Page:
Leeds’ successful bid to bring the Channel 4 headquarters to the city has had an effect “similar to the Tour de France”, a meeting heard.
The broadcaster announced at the end of October it intended to move its operations to Leeds, following a competitive bidding process between UK cities.
Leeds City Council’s executive board met yesterday afternoon to discuss what the move could mean for the city and the wider region, with claims that Bradford also has a big part to play.
Leader of the council Judith Blake said: “It comes as an absolute delight for all the people putting the bid together for Channel 4 to come to Leeds city region and benefit Yorkshire as a whole.
“Communities across Leeds have a very keen sense that it is Leeds’s turn.
“It has not come out of nowhere, it has come from a lot of years of solid work.
“We have already seen a positive spin-off with other companies announcing they are coming to Leeds.”
Council chief executive Tom Riordan added that the positive effect it has had on the public was similar to the excitement when Yorkshire hosted a leg of the Tour de France in 2014.
He said: “It was a massively galvanising project for the city in a similar way to how the Tour De France was.
“Channel 4 were looking at how they could have the biggest impact – they weren’t looking for the biggest cheque.
“We have been bowled over by the reaction of people in the city and the pride they have shown.
“The word got around and people are really enthused by it.
“We can really use this as a galvanising force – it is a great opportunity.
“There is a type of otherness to them, which Leeds has as well – they are very into diversity and are progressive and want to have an impact.
“The broadcast industry is very white and male and middle class so it is a win to get the partnership with Bradford.”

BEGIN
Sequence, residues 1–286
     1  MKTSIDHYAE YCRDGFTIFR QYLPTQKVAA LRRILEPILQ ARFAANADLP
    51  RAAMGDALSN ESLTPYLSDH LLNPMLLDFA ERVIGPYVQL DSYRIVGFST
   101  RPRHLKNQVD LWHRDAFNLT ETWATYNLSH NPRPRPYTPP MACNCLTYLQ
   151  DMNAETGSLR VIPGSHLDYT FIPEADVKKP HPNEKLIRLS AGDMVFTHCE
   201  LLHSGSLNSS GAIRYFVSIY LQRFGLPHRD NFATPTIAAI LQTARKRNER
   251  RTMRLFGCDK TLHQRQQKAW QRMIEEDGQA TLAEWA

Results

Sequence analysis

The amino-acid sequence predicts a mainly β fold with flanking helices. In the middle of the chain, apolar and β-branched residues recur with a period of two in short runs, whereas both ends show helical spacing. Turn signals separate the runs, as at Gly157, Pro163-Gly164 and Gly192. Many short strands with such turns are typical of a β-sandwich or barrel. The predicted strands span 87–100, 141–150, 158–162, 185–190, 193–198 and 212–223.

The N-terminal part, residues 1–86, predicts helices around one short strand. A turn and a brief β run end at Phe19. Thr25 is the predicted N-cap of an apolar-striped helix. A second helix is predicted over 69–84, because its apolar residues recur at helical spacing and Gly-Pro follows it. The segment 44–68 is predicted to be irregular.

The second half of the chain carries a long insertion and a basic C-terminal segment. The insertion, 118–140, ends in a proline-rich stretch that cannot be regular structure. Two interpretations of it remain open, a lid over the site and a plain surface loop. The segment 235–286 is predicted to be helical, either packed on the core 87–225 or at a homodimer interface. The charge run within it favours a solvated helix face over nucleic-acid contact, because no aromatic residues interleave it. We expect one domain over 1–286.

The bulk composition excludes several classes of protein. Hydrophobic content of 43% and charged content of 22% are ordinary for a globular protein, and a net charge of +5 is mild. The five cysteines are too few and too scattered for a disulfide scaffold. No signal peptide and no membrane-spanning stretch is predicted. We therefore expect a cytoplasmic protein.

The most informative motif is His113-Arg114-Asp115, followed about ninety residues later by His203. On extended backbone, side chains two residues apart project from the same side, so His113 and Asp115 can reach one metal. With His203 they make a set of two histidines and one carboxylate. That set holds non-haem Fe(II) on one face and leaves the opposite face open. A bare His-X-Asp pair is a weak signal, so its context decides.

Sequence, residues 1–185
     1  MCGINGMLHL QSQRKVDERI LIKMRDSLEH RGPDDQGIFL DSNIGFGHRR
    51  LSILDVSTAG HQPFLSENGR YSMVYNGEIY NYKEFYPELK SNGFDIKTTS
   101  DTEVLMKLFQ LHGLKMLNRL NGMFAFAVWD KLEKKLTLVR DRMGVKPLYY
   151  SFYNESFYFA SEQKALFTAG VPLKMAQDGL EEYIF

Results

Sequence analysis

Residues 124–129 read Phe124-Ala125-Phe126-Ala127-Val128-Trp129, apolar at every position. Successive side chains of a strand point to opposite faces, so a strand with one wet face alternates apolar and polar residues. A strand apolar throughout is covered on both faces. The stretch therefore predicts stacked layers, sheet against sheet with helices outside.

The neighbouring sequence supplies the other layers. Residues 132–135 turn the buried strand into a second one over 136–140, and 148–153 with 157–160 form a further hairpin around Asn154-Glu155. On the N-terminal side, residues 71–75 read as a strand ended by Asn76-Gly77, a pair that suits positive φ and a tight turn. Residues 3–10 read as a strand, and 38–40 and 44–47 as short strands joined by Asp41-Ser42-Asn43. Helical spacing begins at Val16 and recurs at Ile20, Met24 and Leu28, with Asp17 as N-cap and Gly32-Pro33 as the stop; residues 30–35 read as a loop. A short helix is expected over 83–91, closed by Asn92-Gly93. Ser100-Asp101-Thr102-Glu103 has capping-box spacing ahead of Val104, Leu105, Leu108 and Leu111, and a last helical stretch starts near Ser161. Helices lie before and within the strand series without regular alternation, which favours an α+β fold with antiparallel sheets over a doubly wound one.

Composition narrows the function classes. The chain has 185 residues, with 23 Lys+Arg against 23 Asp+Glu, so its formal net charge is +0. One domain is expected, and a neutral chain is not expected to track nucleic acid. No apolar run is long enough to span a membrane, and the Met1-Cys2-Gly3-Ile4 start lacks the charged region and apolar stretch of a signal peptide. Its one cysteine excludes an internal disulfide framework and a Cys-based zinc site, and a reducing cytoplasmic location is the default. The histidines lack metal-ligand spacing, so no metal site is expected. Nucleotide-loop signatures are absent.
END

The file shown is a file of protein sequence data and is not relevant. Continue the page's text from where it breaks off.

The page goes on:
Leader of Leeds’s Conservatives group Coun Andrew Carter said: “Contrasting this with the news (in 2009) that Yorkshire Television were winding down in Leeds, we were due this.
“It is a great tribute to those who have worked so hard.
“Everybody was behind us and that way the impact if your bid becomes so much greater, and this is really good news.
“A lot more outdoor location work for all the channels is done in Yorkshire than in the Manchester area, yet the production is either further down south or in Manchester.
“Now we will have a major broadcaster. So the economic opportunity is very significant indeed.”
Leeds Liberal Democrats leader Coun Stewart Golton believed the work done around the city’s 2023 European Capital of Culture bid helped encourage Channel 4 to choose Leeds.
He said: “The big issue around Channel 4 will be the leadership and ambition the city had around Leeds 2023, to project ourselves and celebrate what we are good at.
“We have something pretty unique here.
“Sometimes your luck comes in, and you find an organisation that wants to be distinct too.” Earlier this month, it was revealed that the city was picked ahead of rivals Manchester and Birmingham to host the channel’s new headquarters in a move that will bring 300 jobs to the city.
In an unexpected boost, the broadcaster will also bring to Leeds a major new Channel 4 News hub which will include a studio with the capability to regularly co-anchor the programme.
The move will be part of the biggest change to the structure of the channel in its 35-year history.